Posted by Edmond Geary on 03-08-2012
There are 33 federally-recognized Native American tribes in Oklahoma, and 310 Indian reservations in the country. Each tribe legislates and administers its own laws, including criminal laws. Their laws can punish only up to 3 years for a violation, so for more serious crimes, the tribes send the matter to the federal government for prosecution. But that hasn’t been working so well.
The rate of crime on Indian land is high. Statistics shows the following: Indian reservations have violent crime rates exceeding 2 ½ times the national average. Indian women are 10 times more likely to be murdered than non-Indians and are sexually assaulted at 4 times the national average.
These crimes are investigated by the tribes and the F.B.I., and they are sent to the Department of Justice for prosecution. That means the local U.S. Attorney’s offices prosecute them, but they are filing charges in only half the murder cases sent to them and only one-third of the sexual assault cases. The tribes can’t understand why.
In 2011, federal prosecutors declined to file over half the most serious crimes of all types on Indian reservations. They declined 61 percent of sexual abuse of children cases and declined 65 percent of rape cases. But contrast, the Justice Department declined only 20 percent of drug trafficking charges for the country as a whole.
The F.B.I. is notoriously slow and painstaking in its investigation of crimes. Any experienced criminal defense attorney will tell you that. But as the years tick past while matters are “under investigation,” no one from the reservation has been informed of anything. One problem may be the quality of investigations by the tribe police because federal prosecutors are much more selective than state prosecutors in accepting cases to file. But it is the F.B.I. that is investigating many or most of these cases, so that does not explain the startling lack of prosecutions. A former tribal judge has complained that U.S. Attorneys declined to file a rape case of a 13 year old girl by a 31-year-old man, even though two family members interrupted the attack and there was a DNA match. Neither did the U.S. Attorneys offer any explanation why no charges were filed. After the U.S. Attorney declined to file, the man was eventually prosecuted in tribal court but received only a year in jail.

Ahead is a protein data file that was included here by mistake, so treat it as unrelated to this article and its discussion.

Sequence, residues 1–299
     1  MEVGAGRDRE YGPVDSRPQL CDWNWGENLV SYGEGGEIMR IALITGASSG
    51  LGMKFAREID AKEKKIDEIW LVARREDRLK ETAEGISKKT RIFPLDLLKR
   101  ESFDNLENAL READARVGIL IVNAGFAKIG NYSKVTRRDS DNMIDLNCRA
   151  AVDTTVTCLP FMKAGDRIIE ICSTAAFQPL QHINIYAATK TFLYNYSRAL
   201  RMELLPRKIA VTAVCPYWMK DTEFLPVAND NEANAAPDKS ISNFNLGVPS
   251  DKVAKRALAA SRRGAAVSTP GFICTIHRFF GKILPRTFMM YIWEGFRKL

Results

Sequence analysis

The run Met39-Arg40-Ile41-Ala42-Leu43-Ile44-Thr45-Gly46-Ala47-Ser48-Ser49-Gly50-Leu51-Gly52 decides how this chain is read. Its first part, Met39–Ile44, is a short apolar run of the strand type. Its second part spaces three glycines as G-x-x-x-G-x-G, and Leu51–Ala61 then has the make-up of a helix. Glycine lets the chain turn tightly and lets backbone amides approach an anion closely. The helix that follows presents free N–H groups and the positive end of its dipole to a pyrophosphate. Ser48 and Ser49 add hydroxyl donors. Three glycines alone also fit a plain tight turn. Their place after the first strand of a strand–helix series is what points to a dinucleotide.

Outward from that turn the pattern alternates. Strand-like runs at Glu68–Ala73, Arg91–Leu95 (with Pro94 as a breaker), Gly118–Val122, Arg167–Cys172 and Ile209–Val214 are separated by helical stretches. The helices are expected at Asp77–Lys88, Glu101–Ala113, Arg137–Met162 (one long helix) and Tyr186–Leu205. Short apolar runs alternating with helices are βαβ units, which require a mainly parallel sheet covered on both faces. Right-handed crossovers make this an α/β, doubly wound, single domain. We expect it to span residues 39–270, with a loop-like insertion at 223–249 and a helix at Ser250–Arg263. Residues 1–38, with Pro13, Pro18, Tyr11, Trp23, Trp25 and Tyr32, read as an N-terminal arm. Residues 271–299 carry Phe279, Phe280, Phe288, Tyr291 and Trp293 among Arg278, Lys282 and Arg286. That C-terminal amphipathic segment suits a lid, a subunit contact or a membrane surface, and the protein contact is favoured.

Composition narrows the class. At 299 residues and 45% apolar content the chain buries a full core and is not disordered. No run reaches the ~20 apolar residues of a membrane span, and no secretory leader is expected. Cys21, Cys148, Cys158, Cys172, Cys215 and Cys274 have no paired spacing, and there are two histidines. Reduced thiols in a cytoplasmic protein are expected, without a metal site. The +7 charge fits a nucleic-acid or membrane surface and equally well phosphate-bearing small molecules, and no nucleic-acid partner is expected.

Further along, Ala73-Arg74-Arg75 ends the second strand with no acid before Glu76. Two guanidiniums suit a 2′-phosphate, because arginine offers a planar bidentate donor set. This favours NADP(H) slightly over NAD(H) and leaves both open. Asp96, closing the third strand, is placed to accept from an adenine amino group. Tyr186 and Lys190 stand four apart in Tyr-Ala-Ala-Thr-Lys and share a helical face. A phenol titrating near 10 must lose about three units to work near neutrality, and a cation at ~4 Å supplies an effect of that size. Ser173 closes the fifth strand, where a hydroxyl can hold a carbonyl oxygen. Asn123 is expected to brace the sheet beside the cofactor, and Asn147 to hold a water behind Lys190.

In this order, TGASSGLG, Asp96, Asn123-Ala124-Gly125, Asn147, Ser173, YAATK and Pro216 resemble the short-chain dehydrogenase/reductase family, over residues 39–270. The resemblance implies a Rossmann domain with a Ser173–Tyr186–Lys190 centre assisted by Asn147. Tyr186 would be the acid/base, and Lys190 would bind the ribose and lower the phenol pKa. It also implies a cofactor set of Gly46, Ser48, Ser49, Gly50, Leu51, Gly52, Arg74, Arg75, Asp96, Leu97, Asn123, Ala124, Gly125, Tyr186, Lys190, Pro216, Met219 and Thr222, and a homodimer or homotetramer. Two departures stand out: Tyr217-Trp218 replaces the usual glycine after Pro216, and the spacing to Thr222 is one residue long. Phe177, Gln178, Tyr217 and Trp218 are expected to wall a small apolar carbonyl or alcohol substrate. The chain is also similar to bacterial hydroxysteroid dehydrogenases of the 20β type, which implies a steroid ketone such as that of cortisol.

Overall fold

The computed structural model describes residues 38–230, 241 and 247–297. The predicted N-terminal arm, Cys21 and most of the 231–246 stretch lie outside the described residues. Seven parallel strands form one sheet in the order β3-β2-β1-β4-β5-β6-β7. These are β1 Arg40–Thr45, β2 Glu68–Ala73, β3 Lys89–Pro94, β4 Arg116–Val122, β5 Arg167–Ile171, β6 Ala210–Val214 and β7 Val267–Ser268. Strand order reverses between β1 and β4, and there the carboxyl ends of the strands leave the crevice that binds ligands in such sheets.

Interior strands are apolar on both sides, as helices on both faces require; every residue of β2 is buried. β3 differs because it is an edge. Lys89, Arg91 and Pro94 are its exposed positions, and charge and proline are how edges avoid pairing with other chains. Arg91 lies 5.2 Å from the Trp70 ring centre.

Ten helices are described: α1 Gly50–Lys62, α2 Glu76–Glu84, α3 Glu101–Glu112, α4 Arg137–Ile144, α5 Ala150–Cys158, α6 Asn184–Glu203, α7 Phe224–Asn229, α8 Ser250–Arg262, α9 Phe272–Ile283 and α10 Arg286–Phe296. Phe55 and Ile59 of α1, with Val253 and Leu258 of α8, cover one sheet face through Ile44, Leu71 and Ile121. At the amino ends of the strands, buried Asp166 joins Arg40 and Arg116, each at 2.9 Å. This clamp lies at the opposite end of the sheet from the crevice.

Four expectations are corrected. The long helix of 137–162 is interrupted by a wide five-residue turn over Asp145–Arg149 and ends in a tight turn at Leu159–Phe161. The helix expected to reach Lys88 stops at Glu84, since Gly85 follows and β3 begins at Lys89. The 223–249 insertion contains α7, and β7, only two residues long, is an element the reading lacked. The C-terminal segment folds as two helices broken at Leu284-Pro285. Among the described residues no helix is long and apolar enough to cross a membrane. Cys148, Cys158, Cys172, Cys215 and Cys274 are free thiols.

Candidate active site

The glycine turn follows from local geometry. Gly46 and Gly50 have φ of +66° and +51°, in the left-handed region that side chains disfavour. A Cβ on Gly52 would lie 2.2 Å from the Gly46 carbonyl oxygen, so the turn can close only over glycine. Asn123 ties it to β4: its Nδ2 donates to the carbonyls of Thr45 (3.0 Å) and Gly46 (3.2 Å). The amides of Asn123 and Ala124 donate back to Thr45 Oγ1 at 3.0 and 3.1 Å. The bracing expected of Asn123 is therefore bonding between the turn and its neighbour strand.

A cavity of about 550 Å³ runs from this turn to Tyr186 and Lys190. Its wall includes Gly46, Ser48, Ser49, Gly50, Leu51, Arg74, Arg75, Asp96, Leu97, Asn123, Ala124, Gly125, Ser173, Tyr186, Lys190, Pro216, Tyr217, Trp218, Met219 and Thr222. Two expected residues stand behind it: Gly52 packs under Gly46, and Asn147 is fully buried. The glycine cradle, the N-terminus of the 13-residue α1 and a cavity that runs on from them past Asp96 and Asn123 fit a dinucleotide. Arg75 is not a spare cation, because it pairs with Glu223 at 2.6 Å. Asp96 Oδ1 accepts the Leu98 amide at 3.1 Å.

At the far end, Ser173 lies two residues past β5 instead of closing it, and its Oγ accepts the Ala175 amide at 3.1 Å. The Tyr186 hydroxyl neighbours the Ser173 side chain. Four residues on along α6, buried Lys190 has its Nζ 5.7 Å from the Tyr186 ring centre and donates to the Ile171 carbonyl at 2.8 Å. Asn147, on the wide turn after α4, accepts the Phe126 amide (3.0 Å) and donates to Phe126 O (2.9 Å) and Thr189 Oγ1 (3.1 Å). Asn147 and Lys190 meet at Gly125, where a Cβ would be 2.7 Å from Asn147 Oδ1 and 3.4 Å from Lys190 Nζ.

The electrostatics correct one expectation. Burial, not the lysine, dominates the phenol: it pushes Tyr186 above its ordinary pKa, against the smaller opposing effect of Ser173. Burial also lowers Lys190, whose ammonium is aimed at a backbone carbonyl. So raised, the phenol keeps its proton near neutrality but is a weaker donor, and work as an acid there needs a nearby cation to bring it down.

Matters have caused so much outrage in Indian Country that one family has filed a lawsuit in Montana to complain about the federal government’s failures to enforce the law. The family of Steven Bearcrane has brought an action in U.S. District Court in Montana, alleging lack of due process and lack of equal protection under that laws.
The family of Steven Bearcrane was so incensed that the federal authorities did nothing to prosecute the death of Steven Bearclaw on the Crow Reservation that they brought a lawsuit in federal court against the FBI and the U.S. Attorney’s office and a couple of individuals. They filed it interestingly under the Administrative Procedure Act rather than as a civil rights lawsuit, and claimed the U.S. Attorney’s office in South Dakota had followed “a pattern and practice of declining prosecutions in cases in which the victims of those crimes are North Americans.”
The district court agreed that precedent had established that law enforcement officers cannot exercise their discretion in a discriminatory fashion. However, upon several legal bases, the district court dismissed the claims that was based on due process of law as to the FBI and the U.S. Attorney’s office, keeping alive only one claim against one Matthew Oravec. The point here is not so much whether they prevail in their lawsuit but the situation is so unsatisfactory that they feel the need to sue the authorities for protection.